Is your Burb a 1500?

If time is on your side....keep looking.
We found our 06 8.1 2500 Burb on ebay. Like new GM program vehicle with 14k on the clock.
It didn't sell, contacted owner, made an offer and closed. It can be done if you take the needed precautions.

As was noted above, there are some very capable gassers out there and if you tow less than 10k a year and plan to use it as an occasional daily driver they would be an attractive option.

POI... in our area there a 30cent premium per gal on deezel right now.

Bob
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Old 05-09-2012, 06:48 PM   #10
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I should add that a distinct advantage of a diesel pickup is the insensitivity to vehicle weight as compared to a gas motor. Very high compression does have its' advantages and this is one of them. I can leave up to (but not more than) 1,000-lbs in the truck bed without fuel economy being noticeably changed (and I track all miles, all gallons).

While dragging around extra weight isn't really recommended (after all, it's harder on an automatic transmisssion), one can easily carry extra fuel, a better tool selection and supplies than in a comparable gasser to no ill effect.

It's my impression that used diesel trucks also see a flatlined depreciation curve where the better informed tend to be willing to travel a greater distance to acquire one. Not unlike other items of quality.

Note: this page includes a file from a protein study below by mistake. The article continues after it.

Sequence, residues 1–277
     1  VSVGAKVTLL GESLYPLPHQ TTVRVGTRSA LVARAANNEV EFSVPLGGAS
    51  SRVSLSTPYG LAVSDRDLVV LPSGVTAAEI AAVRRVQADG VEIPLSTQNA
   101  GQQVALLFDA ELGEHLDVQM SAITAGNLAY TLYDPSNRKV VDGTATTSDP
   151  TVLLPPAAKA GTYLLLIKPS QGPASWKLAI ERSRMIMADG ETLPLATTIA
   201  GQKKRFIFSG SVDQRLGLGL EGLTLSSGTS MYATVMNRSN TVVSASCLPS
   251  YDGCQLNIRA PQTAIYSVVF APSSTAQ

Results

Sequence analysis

These alone are not reason enough to buy a used diesel truck as they do not affect the ownership cost in a significant way. They do, however, slightly leverage the advantage of a diesel truck where the actual advantages will work for an owner.

One can roll the roads at low speeds with a bit more (the ability to use tools or extend fuel range) thus, perhaps, making the diesel more attractive.

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Old 05-09-2012, 07:43 PM   #11
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We would LOVE to find a diesel e350 with a 7.3L engine that we could afford. We have two gas ones. It is very hard to find a passenger van with the diesel option, but we need room for our seven kids so we won't all fit in a truck.
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Old 05-10-2012, 05:43 AM   #12
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My V10 gasser gets about the same miliage no matter how loaded down it is.